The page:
Thursday, August 25, 2011

Generating LOD

There are LOD and VWD (visible when distant), right now I don’t have anything in my terrain so no VWD are needed. LODs are made in two steps, first a mesh is needed. This can only be done in the CS. Open the CS and load the esp/esm file, it doesn’t have to be active. Open the height map editor, select your world space and regenerate on overview (under View) so the map can be navigated. The LOD mesh is made for 2x2 quadrants at a time. When navigating the overview, answer no to the question if the texture should be saved, we have another program that can do this faster and more stabile too, my CS tend to crash when saving the textures. Navigate to a 2x2 quad, go to File -> generate LOD (full). This will take some time. The LOD mesh have to be generated for each 2x2 quad separately, so a large 16x16 quad map will take time, it took me about 1,5 h to do. A test 4 x 4 quad map will go much faster.

The next this is a texture that will be placed on top of the mesh. Here is where TES4qLOD will come in, it will make DDS texture files of the landscape. Type in the name of the world space (same that you chose when opening in the CS height map editor) and the name of the esp or esm. You can also chose between 1024, 2048 or 4096 resolution of the textures. The 1024 is default and will be good for now. The TES4qLOD can also make full normal maps using the -n –f function. When I have my final terrain with trees and different textures I will have to make a new LOD, and VWD. But for now I just want to test my terrain out in game.
Now here is an important thing, as far as I can figure out, every time I merge a “change” esp to the esm, the ID of the esm will change. Both the LOD mesh and textures names are specific to a ID. Do the LOD as the last thing or rename the LOD images and NIF files to the new ID. This is ok for a small map with not so many files, but very impractical on a large map with hundreds of files. I used the Better file Rename software to do this job for me. I don’t know if this could be avoided somehow in the TESGecko, there might be a function where you set the ID for the new file. I also don’t know how you can see the ID in the CS, but an easy way is to just generate one new LOD in the height map editor and then look what ID name the file got. The mesh .NIF files are in \Oblivion\Data\Meshes\Landscape\LOD, and the texture files are in Oblivion\Data\Textures\landscapelod\generated. The name format is IDnumber.startcellx.startcelly.numberofcells, like this one .Making LODs does not require any savings of the esp/esm, it worked for me anyway.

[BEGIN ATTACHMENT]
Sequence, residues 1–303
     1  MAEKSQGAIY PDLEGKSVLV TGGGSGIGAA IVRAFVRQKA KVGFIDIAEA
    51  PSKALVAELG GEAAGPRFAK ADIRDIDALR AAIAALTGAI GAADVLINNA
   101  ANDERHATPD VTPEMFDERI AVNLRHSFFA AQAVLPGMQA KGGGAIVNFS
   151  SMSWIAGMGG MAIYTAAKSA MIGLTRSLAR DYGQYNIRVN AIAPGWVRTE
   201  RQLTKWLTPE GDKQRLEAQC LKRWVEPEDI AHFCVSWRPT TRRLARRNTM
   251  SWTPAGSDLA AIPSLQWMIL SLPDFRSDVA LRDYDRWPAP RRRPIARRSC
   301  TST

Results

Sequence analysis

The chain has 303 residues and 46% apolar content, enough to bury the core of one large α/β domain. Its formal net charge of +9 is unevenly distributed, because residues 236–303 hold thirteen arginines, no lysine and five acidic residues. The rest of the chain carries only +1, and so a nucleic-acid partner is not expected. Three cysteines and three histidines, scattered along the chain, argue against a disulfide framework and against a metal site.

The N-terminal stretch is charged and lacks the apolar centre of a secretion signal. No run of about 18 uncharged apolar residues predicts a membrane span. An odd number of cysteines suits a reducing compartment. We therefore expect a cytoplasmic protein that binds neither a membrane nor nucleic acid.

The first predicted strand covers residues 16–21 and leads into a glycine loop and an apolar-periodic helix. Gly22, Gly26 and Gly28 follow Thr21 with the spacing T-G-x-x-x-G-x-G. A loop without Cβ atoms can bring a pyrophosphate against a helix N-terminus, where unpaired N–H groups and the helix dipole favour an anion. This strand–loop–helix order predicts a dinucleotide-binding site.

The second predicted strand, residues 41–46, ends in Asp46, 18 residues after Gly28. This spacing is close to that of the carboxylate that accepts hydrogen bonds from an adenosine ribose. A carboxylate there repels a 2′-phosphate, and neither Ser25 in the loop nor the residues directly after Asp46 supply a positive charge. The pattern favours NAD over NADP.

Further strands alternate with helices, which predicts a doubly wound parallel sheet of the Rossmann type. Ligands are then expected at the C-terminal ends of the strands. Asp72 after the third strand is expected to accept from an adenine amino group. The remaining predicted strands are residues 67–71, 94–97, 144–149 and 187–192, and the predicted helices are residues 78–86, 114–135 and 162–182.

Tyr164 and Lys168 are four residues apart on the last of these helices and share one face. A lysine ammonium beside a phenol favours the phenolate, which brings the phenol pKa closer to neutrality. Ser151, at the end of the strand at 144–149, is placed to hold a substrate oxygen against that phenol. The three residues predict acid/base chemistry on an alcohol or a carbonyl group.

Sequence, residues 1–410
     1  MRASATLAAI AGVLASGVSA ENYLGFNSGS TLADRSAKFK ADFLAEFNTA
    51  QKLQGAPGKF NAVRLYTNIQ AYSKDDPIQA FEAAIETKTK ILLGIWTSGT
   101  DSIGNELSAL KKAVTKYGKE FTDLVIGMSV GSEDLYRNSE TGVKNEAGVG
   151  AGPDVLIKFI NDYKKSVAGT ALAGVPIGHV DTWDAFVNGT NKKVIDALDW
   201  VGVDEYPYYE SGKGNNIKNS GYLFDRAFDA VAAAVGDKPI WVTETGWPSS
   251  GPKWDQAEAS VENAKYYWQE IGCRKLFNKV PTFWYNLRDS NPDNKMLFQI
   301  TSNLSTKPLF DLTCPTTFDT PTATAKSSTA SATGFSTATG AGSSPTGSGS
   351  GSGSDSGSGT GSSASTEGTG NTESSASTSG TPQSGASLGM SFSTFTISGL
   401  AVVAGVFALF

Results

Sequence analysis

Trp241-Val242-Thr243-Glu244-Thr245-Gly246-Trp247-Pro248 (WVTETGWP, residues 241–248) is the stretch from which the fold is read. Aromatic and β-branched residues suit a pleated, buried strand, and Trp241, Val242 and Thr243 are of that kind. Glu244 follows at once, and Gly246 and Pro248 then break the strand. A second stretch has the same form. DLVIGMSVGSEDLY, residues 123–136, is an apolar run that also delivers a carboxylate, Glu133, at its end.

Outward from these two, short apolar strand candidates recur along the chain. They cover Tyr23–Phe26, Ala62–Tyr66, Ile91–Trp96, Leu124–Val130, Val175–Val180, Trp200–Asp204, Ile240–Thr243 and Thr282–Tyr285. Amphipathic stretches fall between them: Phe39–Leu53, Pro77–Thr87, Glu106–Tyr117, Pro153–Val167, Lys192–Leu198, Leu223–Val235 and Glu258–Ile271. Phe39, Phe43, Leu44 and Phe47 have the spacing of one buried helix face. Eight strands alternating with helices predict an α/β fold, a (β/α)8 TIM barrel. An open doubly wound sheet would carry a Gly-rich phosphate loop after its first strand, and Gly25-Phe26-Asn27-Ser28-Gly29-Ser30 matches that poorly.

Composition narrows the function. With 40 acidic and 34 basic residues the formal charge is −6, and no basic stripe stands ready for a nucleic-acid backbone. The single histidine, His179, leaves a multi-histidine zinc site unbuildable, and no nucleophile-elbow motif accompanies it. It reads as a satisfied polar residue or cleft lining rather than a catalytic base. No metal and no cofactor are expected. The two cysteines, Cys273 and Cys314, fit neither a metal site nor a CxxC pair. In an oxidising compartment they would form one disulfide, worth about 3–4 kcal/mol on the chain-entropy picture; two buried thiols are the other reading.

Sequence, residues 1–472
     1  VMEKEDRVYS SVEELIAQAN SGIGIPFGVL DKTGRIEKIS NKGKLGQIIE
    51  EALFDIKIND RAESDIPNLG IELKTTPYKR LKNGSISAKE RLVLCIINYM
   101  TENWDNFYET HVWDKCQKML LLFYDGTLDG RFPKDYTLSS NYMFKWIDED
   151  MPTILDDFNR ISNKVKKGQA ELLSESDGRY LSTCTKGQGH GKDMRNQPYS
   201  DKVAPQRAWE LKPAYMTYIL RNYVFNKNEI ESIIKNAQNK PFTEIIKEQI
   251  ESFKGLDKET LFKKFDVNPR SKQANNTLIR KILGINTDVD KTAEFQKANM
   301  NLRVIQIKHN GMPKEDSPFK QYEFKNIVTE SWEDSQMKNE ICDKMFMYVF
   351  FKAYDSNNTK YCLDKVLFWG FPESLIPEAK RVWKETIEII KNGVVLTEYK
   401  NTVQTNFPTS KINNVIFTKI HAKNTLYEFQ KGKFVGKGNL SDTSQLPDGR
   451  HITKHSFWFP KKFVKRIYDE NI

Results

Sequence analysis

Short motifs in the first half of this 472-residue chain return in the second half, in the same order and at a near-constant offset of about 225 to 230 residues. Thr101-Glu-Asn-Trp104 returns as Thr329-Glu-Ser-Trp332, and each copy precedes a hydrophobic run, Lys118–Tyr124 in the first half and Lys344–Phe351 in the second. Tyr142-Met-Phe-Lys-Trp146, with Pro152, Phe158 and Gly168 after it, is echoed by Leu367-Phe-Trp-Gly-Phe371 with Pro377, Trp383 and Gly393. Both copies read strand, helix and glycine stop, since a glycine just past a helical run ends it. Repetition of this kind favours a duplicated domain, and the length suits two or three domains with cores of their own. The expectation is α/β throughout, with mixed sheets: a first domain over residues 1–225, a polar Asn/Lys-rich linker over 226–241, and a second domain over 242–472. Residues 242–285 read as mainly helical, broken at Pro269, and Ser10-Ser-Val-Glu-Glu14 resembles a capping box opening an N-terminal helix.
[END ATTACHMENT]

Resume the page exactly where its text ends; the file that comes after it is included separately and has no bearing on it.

These are from a 4 x 4 quad of my map. I got some nice dramatic looking mountains. The world feels way to small, and most of the terrain, like the mountains are un-navigable.

A quick way to navigate around in the landscape once you have loaded the game is to open the console. Open the console ~ (or § on a Swedish keybord). Type: COW WorldSpacename 0,0 to exit the console press ~ again. 0,0 are cell coordinates, type which ever you want to visit.
To make the world in a better scale (probably still to small) I rescaled the raw image in PS to 16384 x 16348 px, made a new esp with TESAnnwyn. The CS can only show a 16 x 16 quad map in the overview window, this is a great limitation if I want to bigger maps. Without the overview I can't navigate in the height map editor, and there is no other way that I have found to make .nif file of the landscape without the CS.
With a 16 x 16 map, the cells of the map have to be shifted when making the esp in TESAnnwyn to fit in the overview window, center is always cell 0,0. I run the TESAnnwyn with -x -255 and -y -255 to ofset the map so it will fit.
I converted the esp to an esm in Gecko, made new LOD meshes and textures. This toke me most of one day to do. Then I went for a looong ride in my big world :)

Now the size of the world feels better. It's really nice to see the world I imagened come in to life in 3D :)
Rescaling the image lost some of the dramatics of the moutains and there are also some platue effects on low slops, but that is expected after a big rescale.
I will have to rework the height map to make it look better for this size (or bigger).
I now need an in game map, in a world this big it's hard to know where you are when navigating by landmarks alone.

Making the map

Size of the map